Every year (or sooner if the client has had time off), it’s a good idea to repeat the entire Functional Movement Screen (FMS) to make sure something hasn’t crept up that you need to address. If your programming is smart, the screen should validate it and confirm that you are maintaining or improving the client’s fundamental movement quality. However, if your client is an athlete in a repetitive sport or someone who has gone from an active job to a sedentary job, for example, this lifestyle change could affect mobility and movement. The FMS doesn’t take long and is a great way to audit yourself and your client.
Throughout a client’s program you will need to check if it is working. Is your client getting faster, leaner, more powerful and stronger? The more experience you build in designing programs the more you will be able to predict the results with confidence. There is never going to be a time that you shouldn’t check yourself and measure a client’s progress to ensure you are on the right track. Where is your client in regard to goals? How big is the difference? If the goal included fat loss over the last year, how much fat was lost? If the goal was a strength increase, what lifts improved and by how much? If the goal was muscle increase, how many pounds of muscle was gained? Did the client achieve what he or she set out to do?
Here’s some suggested metrics to track and the frequency with which to track them.
Check if the client’s loads are increasing and if the client is getting stronger. If the client isn’t progressing, then you aren’t doing your job correctly. If the client has performed a couple of workouts in a row with no increase in load or reps, it’s probably time to change the program or address recovery issues.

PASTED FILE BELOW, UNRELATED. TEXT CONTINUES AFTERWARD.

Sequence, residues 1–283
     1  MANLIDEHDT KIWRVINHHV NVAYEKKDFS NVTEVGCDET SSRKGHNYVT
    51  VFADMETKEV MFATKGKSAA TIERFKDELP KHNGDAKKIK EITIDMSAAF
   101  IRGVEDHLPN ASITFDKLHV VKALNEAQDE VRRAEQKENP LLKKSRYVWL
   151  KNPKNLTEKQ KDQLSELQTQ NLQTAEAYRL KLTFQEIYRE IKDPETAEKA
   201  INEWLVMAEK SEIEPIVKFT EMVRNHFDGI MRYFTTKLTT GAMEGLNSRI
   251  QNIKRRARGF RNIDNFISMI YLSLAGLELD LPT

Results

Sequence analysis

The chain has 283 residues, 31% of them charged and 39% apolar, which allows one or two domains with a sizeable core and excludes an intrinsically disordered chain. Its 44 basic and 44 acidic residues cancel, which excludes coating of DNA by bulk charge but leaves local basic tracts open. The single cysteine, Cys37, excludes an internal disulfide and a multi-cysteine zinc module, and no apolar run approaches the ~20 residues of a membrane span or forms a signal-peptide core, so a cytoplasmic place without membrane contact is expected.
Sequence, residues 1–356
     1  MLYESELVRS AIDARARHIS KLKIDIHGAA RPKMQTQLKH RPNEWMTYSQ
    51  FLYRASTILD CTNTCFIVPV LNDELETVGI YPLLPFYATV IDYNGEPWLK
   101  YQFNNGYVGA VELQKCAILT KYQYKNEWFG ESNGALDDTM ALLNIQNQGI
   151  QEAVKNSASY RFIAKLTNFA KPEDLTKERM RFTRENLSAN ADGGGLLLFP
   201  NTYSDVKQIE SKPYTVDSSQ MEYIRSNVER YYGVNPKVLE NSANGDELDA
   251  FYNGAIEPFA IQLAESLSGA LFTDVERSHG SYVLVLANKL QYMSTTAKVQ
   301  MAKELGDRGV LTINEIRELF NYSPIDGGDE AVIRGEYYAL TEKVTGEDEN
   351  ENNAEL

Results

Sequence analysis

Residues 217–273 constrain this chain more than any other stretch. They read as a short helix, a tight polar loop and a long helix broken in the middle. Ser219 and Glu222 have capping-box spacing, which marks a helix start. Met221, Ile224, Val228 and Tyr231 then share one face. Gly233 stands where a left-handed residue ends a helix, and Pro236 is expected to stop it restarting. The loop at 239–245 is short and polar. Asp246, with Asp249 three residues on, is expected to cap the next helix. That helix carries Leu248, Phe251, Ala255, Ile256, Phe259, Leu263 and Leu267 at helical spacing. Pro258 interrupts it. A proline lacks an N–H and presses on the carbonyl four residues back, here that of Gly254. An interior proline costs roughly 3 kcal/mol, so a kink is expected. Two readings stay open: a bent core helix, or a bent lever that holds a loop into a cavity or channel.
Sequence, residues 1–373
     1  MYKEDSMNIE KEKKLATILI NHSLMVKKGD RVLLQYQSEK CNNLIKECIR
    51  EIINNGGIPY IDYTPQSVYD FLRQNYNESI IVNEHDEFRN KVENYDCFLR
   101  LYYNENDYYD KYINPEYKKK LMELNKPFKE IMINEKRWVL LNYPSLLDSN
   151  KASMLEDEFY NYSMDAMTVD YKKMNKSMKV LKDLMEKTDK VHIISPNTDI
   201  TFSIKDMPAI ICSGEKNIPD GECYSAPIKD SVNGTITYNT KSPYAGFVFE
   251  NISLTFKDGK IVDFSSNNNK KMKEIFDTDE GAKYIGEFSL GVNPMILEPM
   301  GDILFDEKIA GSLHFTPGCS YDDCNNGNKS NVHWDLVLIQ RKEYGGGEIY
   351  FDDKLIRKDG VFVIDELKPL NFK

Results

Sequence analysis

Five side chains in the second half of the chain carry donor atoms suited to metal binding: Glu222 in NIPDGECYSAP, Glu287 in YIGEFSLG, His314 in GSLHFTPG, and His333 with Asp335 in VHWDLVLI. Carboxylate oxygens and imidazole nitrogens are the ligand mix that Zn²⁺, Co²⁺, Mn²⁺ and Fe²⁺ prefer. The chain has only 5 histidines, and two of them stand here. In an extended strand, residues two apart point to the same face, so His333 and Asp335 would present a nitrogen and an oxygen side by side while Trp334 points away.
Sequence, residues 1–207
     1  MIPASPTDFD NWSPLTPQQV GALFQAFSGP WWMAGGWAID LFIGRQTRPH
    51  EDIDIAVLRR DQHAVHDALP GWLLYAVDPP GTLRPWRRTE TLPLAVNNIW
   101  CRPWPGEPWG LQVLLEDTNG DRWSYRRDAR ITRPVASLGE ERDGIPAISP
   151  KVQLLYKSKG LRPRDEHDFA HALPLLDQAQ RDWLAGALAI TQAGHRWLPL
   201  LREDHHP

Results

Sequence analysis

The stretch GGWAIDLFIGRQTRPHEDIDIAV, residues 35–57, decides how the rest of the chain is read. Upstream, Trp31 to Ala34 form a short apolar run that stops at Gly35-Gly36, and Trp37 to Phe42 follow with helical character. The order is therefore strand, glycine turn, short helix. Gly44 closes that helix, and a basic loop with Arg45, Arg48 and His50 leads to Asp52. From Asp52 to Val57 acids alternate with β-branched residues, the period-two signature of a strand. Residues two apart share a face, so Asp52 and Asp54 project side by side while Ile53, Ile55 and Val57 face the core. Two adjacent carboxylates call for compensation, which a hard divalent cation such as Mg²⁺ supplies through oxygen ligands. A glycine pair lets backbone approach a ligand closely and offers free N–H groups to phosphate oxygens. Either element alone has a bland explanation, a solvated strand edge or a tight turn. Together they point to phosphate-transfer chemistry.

Make sure to monitor heart rate during metabolic interval workouts, which is usually one to two times per week for most clients. First, ensure that the client’s max heart rate is set properly using the max heart rate formula (220 − age) as an estimate. A client should be unable to carry on a conversation at 85 percent or so and able to recover to 70 percent or less. Once you have it set properly, heart rate can act as a key indicator to you as a trainer. If a client is fatigued, you’ll know because he or she will be unable to raise heart rate. This is a sign that a day off is needed to recover.
- Track body composition. Bioimpedance units are popular as they are noninvasive, give a reasonably accurate estimate of body fat, and are quick and easy to use. The common question that is asked about all body composition measures is, “How accurate is it?” All of the various methods that test body fat are estimates, none of them are 100 percent accurate, and all of them have various pros and cons. Even though this method doesn’t tell you a person’s exact body fat percentage, if you are consistent in its utilization, it does tell you if body fat is going up or down.
- Monitor weight. You will want to do so more frequently if your client is a weight-class athlete training to be a certain weight. However, for the average client, it’s recommended to use body composition or clothing-fit to measure progress, rather than weight.
- At the beginning of training ask your client to bring in clothing that is currently too small, but is something that they’d like to fit into. Each month ask your client to try on the clothing so they can see their progress. This shifts the focus away from the scales and can encourage a healthier mindset.